Ace Combat 7 is the latest title in Namco Bandai’s long running aerial combat series, one that debuted back in 1995 and, despite what your basic understanding of maths tells you, is the seventeenth title bearing the Ace (or Air) Combat name.
The game takes place in a fictional, but familiar, universe known as Strangereal. You’ve got the Useans on the West of the map, keeping the peace but riling up the rest of the world, and Erusea in the East launching bold attacks on them. It’s basically America vs. Russia with Europe in the middle (there’s even the Kingdom of Sapin, which is clearly Spain).
In the meantime you play as Trigger, a talented young pilot, who is tasked with completing various missions across the campaign’s twenty levels while a separate but interlinking story is played out in cutscenes, telling us about Avril, a talented mechanic who ends up on the wrong side of the law after getting caught up in the conflict.
The story has hints of the blue-tinted, wistful storytelling of previous games in the series but is a little less pretentious and is actually fairly interesting in how it plays out but as big fans of the PAL release of Ace Combat 3: Electrosphere, we’re happy to eschew the plot and get our Maverick on.
So, before long you’ll be ready to take off. We recommend picking the ‘expert’ mode as this just gives you better controls (rather than upping the difficulty) but whatever you choose you’ll soon be up in the air. At this point, if you’re a veteran of the series then playing Ace Combat 7 is almost like playing a FIFA game in that the controls already make sense instantly. I’ve not played an Ace Combat since 2007’s Ace Combat 6, but everything felt natural and intuitive right away.
As expected, the gameplay generally involves peppering enemy planes with machine gun fire, locking on and launching missiles, dropping bombs and pulling hard turns in order to avoid heatseeking missles that are aimed at your six. The settings change, of course.
You’ll be flying over land and ocean, over fields and cities and over and through rock formations and mountains, all standard environments for the series but now you’ll also have to contend with adverse weather with sandstorms, high winds and radar-wrecking thunderstrikes all hindering you but equally you can use cloud cover to hide from the enemy and give yourself a rest from the lock-on alarm.
The controls feel great in basic movement and in combat. Everything is slick and responsive and true to the arcade roots of the series which means you can just get on with enjoying the action and not worrying about how you’re going to land your aluminium death tube when the time comes. The feeling of pulling a loop at low altitude in order to get behind an enemy bogey before blowing them out of the sky always feels good. Especially when you come very close to buzzing the ground.
It helps that the game looks gorgeous. From the cutscenes, which occasionally look like actual footage, to the in-gameplay visuals, everything is pretty spectacular. Especially once the weather kicks in and you’re avoiding lightning strikes and blowing enemy planes apart and watching bits of them fly past you. All while the jet vapours distort the air behind you.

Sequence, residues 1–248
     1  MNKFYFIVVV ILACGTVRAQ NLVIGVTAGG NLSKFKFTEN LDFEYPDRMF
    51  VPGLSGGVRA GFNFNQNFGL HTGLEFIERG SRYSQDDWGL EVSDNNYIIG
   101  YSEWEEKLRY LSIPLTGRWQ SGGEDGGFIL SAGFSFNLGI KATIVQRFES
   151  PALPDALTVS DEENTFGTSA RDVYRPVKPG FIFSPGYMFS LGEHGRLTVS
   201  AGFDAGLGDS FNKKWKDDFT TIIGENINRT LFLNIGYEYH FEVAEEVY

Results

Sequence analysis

You can, of course, select different views. The smart choice is behind you but you also have two cockpit views which are a bit less useful but do give you the benefit of seeing how the weather affects your view if you want to be a sim nerd about these things.
Generally the game is a pleasure to play but there are occasional difficulty spikes that can slow things down. Usually these don’t normally come from the combat itself but rather score or time limits imposed on missions. These tend to be a little strict and can get frustrating. Especially the mission that tasked me with taking out twenty tankers in a sandstorm that disrupted the radar, making it very difficult to find them. When I ran out of time with 19 tankers destroyed, I wanted to quit the skies forever and if a mission chains together a couple of these tricky sections then you may find yourself wishing you could drop the difficulty mid-campaign which, unfortunately, you can’t.
Aside from the campaign (which comes in three difficulty levels), you also get online PvP in the form of team deathmatches and an eight player battle royale mode. It’s a shame that we don’t get online co-op for the campaign as that would be great and really in the spirit of the game itself which is all about being part of a squad (even if your character seems to be some sort of Red Baron style angel of death while everyone else is useless).
The other main addition to the game is the PSVR support. This is disappointingly brief, offering just three missions, but is absolutely spectacular. Having owned a PSVR headset since launch, I’ve become a little bit immune to the VR effect with most games on the platform now looking like I’m watching the action on a really big, close up screen but in Ace Combat 7 the effect is amazing. You really feel like you’re in the cockpit living out your best Top Gun fantasies. It’s nothing short of astonishing and is one of the best things you can do with your PSVR. The additional VR airshow mode is a nice extra too.
So, overall we’re very, very happy with Ace Combat 7. It’s exactly what you’d want from a current gen entry in the series and while it might be a bit tricky for some, the satisfaction you get from beating the missions is genuinely rewarding and when you spend most of your days reviewing indie titles in all their 8/16-bit glory, it’s nice to have a game that is so damned impressive to look at.
+ Good level of challenge
+ Excellent visuals
+ Interesting story
+ VR mode is brief but amazing
- Probably has too many plane and weapon options to buy
- Prone to occasional difficulty spikes
- Needs more VR missions